Demand grows, but emissions do not


2016 represents a real turning point in fuel use for electricity generation in Chile. 

In the decades prior, coal was predominantly used to meet demand growth. As electricity demand grew by 83% (+33 TWh) from 2000 to 2016, coal generation grew by 258% (+23 TWh). During that period, related annual emissions rose by 165%, the equivalent of 23 million tonnes of CO2. 

Since 2016, the rise in electricity demand has been met entirely by wind and solar. In fact, while demand rose by 8 TWh, from 2016 to 2021, wind and solar generation increased by 13 TWh, allowing emissions to peak in 2016. 

Chile’s annual power sector emissions dropped by 6% from 2016 to 2021, despite overall electricity demand rising 11% in the same period. This trend is expected to continue this year with emissions falling as much as 17% in 2022, despite estimates that demand will rise 5% year-on-year.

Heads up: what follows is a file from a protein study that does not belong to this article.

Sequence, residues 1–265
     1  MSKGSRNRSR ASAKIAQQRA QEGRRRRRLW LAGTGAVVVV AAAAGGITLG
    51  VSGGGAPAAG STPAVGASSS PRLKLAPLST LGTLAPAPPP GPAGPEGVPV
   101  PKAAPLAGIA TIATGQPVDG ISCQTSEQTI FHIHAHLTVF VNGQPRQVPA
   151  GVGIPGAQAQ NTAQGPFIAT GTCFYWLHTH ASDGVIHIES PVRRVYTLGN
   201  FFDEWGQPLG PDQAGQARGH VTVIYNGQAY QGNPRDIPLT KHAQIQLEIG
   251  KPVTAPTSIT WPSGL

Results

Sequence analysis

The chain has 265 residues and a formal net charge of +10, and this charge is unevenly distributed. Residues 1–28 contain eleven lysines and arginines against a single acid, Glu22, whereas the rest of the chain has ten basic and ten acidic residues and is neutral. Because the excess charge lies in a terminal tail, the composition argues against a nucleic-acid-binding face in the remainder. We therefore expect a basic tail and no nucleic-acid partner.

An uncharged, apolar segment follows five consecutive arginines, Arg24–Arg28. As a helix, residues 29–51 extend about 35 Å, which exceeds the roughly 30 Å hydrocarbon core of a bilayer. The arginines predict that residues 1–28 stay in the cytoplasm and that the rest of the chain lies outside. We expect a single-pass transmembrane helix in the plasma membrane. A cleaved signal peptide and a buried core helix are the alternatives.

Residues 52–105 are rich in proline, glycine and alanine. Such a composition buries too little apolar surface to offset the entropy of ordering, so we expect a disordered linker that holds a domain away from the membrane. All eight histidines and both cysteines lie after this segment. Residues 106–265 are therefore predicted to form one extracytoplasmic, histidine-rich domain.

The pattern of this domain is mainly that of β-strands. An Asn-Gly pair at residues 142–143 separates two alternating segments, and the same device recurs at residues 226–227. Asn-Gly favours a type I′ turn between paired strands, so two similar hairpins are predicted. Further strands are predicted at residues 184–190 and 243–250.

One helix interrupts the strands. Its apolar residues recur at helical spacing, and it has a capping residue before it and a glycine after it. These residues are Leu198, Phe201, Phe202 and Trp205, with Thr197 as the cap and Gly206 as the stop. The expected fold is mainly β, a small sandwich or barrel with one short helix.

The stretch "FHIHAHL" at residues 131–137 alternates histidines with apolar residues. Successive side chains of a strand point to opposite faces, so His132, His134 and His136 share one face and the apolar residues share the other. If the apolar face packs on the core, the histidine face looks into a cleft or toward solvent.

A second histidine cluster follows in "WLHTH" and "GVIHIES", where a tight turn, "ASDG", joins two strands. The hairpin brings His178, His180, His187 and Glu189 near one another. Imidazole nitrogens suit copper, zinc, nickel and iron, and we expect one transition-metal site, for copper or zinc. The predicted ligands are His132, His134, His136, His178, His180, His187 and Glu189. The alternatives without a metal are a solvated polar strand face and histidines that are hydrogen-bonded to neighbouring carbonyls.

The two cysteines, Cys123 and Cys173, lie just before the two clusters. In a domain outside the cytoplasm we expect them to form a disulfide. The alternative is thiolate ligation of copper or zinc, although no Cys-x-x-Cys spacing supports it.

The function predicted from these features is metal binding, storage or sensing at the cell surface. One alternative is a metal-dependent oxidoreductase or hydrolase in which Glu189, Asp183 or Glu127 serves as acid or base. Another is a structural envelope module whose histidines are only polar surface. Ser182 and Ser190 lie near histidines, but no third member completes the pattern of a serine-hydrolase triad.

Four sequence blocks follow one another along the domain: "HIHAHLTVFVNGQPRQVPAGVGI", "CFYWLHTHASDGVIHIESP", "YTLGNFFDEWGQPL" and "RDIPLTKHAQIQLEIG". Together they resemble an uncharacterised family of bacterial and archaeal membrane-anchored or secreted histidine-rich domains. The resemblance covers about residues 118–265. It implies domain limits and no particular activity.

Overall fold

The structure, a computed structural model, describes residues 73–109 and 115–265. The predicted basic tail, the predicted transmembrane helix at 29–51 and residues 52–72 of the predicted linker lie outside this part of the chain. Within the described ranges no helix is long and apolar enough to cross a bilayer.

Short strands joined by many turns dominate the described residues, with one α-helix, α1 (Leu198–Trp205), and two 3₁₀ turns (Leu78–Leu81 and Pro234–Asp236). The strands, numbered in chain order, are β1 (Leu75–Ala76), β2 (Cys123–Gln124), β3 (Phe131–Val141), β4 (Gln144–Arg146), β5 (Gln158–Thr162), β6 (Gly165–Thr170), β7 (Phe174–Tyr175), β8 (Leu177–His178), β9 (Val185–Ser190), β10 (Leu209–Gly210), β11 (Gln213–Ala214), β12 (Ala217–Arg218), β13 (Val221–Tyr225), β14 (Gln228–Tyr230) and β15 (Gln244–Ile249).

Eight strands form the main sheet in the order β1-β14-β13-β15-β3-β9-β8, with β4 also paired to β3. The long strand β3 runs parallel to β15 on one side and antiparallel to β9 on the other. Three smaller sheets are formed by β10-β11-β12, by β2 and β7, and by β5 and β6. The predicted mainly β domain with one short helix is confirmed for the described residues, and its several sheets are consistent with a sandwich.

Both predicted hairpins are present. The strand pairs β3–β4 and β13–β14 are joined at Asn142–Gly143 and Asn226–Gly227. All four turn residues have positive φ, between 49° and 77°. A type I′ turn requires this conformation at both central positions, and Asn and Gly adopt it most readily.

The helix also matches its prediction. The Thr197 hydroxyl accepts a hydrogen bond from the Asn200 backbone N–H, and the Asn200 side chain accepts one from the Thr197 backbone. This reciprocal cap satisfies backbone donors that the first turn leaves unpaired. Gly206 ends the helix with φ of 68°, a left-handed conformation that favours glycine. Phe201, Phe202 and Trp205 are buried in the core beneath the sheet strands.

Conclusion

Chile shows the world how to transition from coal to clean

Chile’s rapid transition from coal power to wind and solar while growing its electricity demand provides inspiration for other emerging economies

Decoupling emissions and economic growth is the goal for emerging economies that want to continue to develop while also tackling the climate crisis. While many countries still rely on coal to meet expanding electricity demand, Chile has proven that wind and solar can do the job. In 2016, Chile peaked its use of fossil fuels in the power sector, and since then it has rapidly reduced its dependence on coal, despite electricity demand growing throughout that period.